Cuties. Ugh.

Boy, was that movie tough to sit through. The entire experience was like fidgeting on a chair of spikes.

An image of a kid wearing a yellow shirt, facepalming.
Photo by Anna Shvets on Pexels.com

I am, of course, referring to Netflix’s Cuties. The movie was trending because of its unorthodox portrayal of minor sexploitation.

Whose fault is it, really?

Both sides of the political aisle are up in arms about the (supposedly) looming normalization of pedophilia.

I don’t mean to toot my own horn here, but no pundit, whatever their leaning, will offer a fair, unbiased review of this piece. They’re more interested in scoring clout points and views. Let’s be honest here.

Yes, this movie was cringe. Yes, this movie will make you uncomfortable with its pubescent characters and their whimsically-naive approach to sex.

It took me not one, not two, but THREE tries to sit through this until the credits rolled.

An image of a woman with an uncomfortable expression.
Photo by Polina Zimmerman on Pexels.com

But hey, if sexualization of minors makes you fidget in your seat, it was probably acheiving its purpose.

That’s why it confuses me when I hear a pundit or YouTuber state that this propagates pedophilia and even pushes for its societal acceptance.

Upon watching this film, I can conclude that these pundits are either A) Dishonest or B) Did not watch the film in its entirety.

If you pay attention, you can see the signs that the main character’s trials are self-destructive and detrimental to her well-being. Cuties is not the movie we want, but it’s the movie we need.

A shot of the 4 main characters in the Netflix French film, Cuties.
Cuties. Netflix. 2020.

What is Cuties Really About?

Cuties follows the experiences of Amy, a Senegalese immigrant living in Paris, who is going though puberty. Her father is conspicuously absent throughout the film (he practices polygamy and is entering a second mariage in Senegal).

Amy’s mother and great-aunt are trying to teach her religious values. They show her how to be proper, cook/clean, etc. Basically, how to be a “real woman.”

Her insular surroundings are shattered one day when she steals a mover’s smartphone. Amy gains the means of putting herself online and in the eyes of strangers from faraway places.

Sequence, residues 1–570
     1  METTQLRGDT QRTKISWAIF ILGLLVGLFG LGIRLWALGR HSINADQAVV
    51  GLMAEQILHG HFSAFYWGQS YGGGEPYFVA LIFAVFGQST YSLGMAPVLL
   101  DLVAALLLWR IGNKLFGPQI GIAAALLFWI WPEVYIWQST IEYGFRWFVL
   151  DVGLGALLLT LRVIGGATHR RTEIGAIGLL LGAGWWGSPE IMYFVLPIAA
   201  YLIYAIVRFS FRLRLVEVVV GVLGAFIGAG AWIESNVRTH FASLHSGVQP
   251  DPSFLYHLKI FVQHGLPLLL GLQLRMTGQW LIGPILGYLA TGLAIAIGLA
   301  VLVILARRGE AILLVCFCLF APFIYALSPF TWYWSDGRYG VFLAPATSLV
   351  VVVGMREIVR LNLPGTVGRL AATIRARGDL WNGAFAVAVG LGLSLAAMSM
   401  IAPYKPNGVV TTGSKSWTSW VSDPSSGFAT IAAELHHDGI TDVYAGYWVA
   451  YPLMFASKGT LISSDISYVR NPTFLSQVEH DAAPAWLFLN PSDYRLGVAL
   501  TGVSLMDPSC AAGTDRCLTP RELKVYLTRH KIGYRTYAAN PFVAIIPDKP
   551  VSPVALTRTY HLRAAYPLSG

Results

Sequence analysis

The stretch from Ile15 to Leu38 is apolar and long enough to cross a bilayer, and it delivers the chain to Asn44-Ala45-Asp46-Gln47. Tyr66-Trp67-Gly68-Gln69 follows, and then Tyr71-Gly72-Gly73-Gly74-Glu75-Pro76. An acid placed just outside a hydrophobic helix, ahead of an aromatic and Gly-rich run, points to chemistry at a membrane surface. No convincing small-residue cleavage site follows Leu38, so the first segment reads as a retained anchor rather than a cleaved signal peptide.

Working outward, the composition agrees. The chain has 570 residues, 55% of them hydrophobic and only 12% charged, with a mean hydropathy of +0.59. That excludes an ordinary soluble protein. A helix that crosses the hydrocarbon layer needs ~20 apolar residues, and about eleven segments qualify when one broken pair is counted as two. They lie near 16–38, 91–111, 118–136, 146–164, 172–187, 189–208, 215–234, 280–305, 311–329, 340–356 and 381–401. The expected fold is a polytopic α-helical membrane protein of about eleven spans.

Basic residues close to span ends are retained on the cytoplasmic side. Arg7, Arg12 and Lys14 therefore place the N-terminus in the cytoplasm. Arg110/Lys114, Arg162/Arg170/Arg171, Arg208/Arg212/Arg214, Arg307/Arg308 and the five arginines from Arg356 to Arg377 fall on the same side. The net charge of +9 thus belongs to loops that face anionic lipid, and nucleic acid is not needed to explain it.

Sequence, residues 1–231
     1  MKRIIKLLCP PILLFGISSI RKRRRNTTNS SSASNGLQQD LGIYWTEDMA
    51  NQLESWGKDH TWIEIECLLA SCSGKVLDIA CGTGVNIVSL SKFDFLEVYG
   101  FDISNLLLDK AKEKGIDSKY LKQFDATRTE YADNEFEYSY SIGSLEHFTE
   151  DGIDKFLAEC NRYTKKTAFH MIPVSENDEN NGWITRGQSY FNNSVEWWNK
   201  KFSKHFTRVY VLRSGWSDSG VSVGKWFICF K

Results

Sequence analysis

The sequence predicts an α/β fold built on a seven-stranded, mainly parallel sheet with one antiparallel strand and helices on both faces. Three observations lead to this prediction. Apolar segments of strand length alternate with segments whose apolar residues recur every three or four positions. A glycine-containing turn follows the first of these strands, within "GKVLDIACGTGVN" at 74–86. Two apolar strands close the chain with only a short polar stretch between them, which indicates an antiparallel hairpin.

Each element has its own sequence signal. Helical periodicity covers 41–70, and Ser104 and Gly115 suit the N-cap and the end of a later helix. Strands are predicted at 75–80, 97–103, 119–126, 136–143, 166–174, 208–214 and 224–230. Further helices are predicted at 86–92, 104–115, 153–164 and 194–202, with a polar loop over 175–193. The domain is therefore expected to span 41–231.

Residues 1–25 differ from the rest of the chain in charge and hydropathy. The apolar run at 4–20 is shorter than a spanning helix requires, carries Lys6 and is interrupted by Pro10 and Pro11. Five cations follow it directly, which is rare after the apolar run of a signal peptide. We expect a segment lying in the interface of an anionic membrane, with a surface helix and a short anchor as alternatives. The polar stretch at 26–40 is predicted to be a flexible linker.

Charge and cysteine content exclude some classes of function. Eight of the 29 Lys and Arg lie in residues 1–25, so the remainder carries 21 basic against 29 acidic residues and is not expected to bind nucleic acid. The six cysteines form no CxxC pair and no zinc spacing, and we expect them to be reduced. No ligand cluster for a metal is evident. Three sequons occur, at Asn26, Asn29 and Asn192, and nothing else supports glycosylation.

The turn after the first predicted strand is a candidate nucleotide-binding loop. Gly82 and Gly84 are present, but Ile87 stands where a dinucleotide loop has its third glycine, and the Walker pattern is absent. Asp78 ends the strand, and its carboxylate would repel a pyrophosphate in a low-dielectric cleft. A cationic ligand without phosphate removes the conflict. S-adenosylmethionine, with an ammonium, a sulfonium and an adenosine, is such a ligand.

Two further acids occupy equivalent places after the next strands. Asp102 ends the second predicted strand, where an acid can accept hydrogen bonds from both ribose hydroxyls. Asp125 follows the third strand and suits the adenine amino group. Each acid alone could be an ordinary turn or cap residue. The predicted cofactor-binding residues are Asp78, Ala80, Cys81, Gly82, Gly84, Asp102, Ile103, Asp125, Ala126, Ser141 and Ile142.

She also makes an acquaintance with a group of pre-teen dancers, led by Angelica. Angelica lives in the same apartment Amy does and, like her, she also has an uninvolved father (only heard off-screen).

Not a single father is visually shown throughout this movie.

An image of a father walking his daughter along the beach.
Photo by Pixabay on Pexels.com

Where the Dads at?

The reality is, if girls are not given fatherly guidance at home, their self-respect will crumble. Fatherless girls are the ones that end up becoming prostitutes and drug users.

As the movie makes clear, Amy and her “friends” do not respect themselves nor maintain a certain set of standards.

They chase “cute” boys that are older than them. They’re unable to take the hint that these men have no interest in them because of their pubescent age.

Another scene showed Amy trying to seduce the man she stole the phone from. The man responds by outrightly rejecting her advances.

Where the Pedos at?

The mature characters around these girls are quite aware of what is socially acceptable. They’re also aware that they are not to bed with any of them.

To my memory, no adult character displayed any sense of sexual desire towards Amy or the members of the dance group.

And this is precisely why I reject anything the pundits are saying about Cuties. The film is perfectly aware that pedophilia isn’t acceptable.

An image of a red-headed little girl gazing at a smartphone.
Photo by Andrea Piacquadio on Pexels.com

The film is about our social media culture and lack of guidance at home. It shows how these are leading our kids to engage in self-destructive behaviors. Behaviors that they aren’t mentally or emotionally equipped to handle yet.

(They actually thought one contracts AIDS by simply touching a condom, get real)

In Terms of Cuties’ Filmmaking…

As a film, Cuties was decent. Some of the director’s choices felt a little off.

When Amy saw the blue traditional dress in her wardrobe, dripping with blood, was that supposed to be real or imagined? Why did Amy go into that bizarre zombie trance when her mother and aunt symbolically-purified her with water?

Why did Amy SUDDENLY have a moment of clarity, during the climatic dance scene, that what she’s been doing to herself was wrong?

A lot of scenes just weren’t made clear.

You’re going to watch this with a set of furrowed eyebrows, and not only because of the twerking and butt shots. The film’s artistic element is sometimes messy.

Reach the Ending, if You Can

However, I can pass praise for the ending. The closing scene of Amy wearing non-revealing clothing, and not conforming to her family’s ultra-conservative inclinations, was sensible and acceptable.

The ending shot showed her happily jumping up and down while playing jump rope with some kids.

An image of a little kid with rainbow-colored paint on their hands.
Photo by Sharon McCutcheon on Pexels.com

Just let kids be kids. They don’t need to be thots. They don’t need to be religious zealots, either. This movie is neither conservative nor liberal with its message. It’s just a movie.

It’s a balanced, nuanced, and fair one at that.

Just let kids be kids.

Since it explores an uncomfortable topic, Cuties is not the movie we wanted. Since it tests our moral compass as a society, it’s the film we needed.

Thanks for reading! Be sure to Like this blog and Follow me through WordPress or email! Take care!

Corey Toomey giving you a thumbs up, and smiling.

Have a Comment? Let's Discuss!